13 MAR

2020

On the heels of Covid-19 and the oil shock, financial markets experienced a third blow yesterday (12 March) with a major confidence crisis. Speeches from US President Donald Trump and ECB President Christine Lagarde have shaken investor confidence in the ability to lead a timely and bold approach worldwide. Candriam revised its economic outlook scenario earlier this week. On the Asset Allocation front we remain prudent; we wait for a peak in infection rates, a resumption in activity and more meaningful fiscal measures. The recently-announced measures by the German Finance and Economics minister is clearly a step in the right direction.

How to explain yesterday’s market crash?

  • More action needed

The global economy is undergoing a major, severe, but temporary shock. As the exact timing of the bounce back is highly uncertain due to the evolution of the coronavirus, investors face a considerable worsening of the near-term outlook. We know that the necessary containment measures have a significant adverse impact on activity.

We are in a confidence crisis that was triggered by two key events on Thursday. Firstly, US President Donald Trump shut down non-essential travel from continental Europe for one month, the US’s main historical trading partner, which does not illustrate a willingness to act in a coordinated manner. Secondly, the package announced by the ECB yesterday was at the low end of market expectations and undermined by an awkward communication.

While priority number one is to contain the spread of the coronavirus, markets are desperately looking for a quick, ambitious, action to mitigate the (temporary) lockdown. Those actions will be on the fiscal and monetary side. Both are important to restore confidence.

  • “We will use all means at our disposal”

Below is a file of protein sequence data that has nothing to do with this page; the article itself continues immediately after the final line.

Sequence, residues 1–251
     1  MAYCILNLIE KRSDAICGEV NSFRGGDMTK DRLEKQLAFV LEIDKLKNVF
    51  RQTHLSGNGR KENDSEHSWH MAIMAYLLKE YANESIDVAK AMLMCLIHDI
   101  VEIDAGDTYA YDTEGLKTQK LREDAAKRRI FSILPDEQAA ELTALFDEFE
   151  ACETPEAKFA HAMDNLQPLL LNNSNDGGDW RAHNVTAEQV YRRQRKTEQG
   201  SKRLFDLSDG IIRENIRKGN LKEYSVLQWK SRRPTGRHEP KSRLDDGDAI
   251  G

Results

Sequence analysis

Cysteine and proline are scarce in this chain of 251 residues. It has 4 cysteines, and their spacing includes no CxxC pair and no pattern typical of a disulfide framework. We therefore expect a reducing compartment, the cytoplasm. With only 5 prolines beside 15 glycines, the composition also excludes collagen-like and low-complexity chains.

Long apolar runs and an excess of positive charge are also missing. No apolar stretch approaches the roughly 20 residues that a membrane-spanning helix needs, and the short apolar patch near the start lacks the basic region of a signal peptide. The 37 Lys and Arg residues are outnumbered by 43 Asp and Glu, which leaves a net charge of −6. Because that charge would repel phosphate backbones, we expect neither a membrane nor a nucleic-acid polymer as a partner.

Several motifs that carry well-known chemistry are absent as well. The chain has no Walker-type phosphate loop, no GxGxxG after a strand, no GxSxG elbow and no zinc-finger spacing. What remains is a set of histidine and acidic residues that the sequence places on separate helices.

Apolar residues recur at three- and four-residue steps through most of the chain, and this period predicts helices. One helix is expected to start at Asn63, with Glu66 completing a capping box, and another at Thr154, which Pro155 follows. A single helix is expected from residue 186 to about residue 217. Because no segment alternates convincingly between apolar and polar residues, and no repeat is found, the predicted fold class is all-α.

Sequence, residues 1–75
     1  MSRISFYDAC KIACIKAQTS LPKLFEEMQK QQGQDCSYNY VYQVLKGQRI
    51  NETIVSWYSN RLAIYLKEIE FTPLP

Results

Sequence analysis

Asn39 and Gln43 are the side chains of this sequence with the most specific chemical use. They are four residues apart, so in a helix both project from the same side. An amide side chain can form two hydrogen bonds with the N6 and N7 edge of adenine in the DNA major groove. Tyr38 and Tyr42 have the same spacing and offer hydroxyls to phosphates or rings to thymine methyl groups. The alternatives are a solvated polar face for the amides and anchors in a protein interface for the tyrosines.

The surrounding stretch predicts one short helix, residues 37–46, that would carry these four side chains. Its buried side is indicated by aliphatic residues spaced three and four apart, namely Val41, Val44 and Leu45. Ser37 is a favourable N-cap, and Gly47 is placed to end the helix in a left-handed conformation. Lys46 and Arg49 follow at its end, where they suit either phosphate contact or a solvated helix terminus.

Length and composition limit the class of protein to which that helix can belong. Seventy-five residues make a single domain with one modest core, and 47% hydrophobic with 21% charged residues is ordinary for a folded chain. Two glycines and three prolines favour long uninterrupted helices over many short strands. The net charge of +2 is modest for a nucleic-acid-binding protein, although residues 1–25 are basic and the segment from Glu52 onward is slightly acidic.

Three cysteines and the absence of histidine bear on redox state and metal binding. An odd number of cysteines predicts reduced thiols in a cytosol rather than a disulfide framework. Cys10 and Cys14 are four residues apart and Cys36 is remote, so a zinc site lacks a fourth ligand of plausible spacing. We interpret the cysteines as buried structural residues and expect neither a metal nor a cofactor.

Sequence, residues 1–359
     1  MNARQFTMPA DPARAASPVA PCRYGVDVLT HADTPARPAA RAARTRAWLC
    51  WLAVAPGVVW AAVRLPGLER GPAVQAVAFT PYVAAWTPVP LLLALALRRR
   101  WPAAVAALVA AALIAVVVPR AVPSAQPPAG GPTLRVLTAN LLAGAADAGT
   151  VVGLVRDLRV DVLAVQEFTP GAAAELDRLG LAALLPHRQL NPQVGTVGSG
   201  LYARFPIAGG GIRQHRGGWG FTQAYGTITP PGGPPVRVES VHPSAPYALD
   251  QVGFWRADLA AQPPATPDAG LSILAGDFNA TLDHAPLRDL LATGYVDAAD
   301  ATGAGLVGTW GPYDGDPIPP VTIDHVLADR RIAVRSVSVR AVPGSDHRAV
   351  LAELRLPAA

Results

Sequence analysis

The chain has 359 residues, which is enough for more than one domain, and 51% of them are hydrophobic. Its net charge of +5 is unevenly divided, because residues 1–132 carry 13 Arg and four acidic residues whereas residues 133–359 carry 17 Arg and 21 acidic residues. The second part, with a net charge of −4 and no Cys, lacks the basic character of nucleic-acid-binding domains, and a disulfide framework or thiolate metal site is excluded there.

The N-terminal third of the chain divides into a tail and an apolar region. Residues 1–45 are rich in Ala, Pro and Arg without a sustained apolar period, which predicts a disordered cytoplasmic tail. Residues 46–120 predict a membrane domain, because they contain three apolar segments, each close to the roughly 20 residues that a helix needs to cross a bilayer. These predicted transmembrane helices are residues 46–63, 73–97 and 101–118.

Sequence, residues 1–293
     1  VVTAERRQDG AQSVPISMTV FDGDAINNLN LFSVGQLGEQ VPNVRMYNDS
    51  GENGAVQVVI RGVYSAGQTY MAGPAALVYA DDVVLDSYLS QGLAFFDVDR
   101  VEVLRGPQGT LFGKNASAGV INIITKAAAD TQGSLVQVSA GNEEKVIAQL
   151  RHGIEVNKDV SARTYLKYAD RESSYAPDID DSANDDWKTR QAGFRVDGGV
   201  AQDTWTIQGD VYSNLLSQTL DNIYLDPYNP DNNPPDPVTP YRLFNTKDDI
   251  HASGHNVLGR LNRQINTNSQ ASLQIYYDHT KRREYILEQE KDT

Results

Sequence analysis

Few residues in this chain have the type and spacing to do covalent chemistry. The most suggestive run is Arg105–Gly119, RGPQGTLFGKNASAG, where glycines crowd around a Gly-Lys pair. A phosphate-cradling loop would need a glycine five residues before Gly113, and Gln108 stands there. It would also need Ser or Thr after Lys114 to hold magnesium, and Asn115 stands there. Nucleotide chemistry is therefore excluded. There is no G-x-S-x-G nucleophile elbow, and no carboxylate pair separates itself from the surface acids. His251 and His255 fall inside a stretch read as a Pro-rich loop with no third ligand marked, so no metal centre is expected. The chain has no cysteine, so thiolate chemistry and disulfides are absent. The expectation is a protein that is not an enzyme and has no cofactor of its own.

Germany pledged today “at least” EUR460bn in guarantees and announced that there will be no limit on credit programs to help firms; and that it will provide tax relief to companies, including deferred payments. Further, Finance Minister Olaf Scholz announced the government's readiness to take on additional indebtedness. Importantly, Scholz offered to help those countries in the EU who have not the same margin of manoeuvre in their public finances. This follows the message from French President Emmanuel Macron yesterday evening, in which he repeatedly stated that he will support activity “quel qu’en soit le prix” (at any price).

So Europe seems to be ready to act; we now need a coordinated plan which shows more solidarity within the Euro area.

Are central bank actions appropriate?

  • The ECB has disappointed, why?

A significant package. If actions could speak louder than words, the unanimous decision announced yesterday represents an unprecedented package of measures.

The comprehensive package included three items on top of the accommodative monetary policy stance. First, QE asset purchases will be scaled up by an extra EUR120bn through year-end, on top of the current monthly EUR20bn. Second, the ECB will offer the banking sector generous access to longer-term liquidity (LTRO) and sweeten the one-year TLTRO-3 in June 2020 by an additional 25bp discount and collateral easing measures. Further, the ECB Supervisory Board announced an easing in capital and liquidity buffers “as they were designed for this kind of situation”.

Christine Lagarde insisted on using all the flexibility embedded in the framework of the asset purchase programs, and converge to the issuer limits at the end of the program. Further, she is clearly anticipating likely higher debt issuance.

At the end of the day, the European banking sector has more capital buffers thanks to the Single Supervisory Mechanism decision, cheaper liquidity access and and plenty more liquidity. Altogether, and in particular as the ECB did not cut rates, the overall package was EPS enhancing for the banking sector.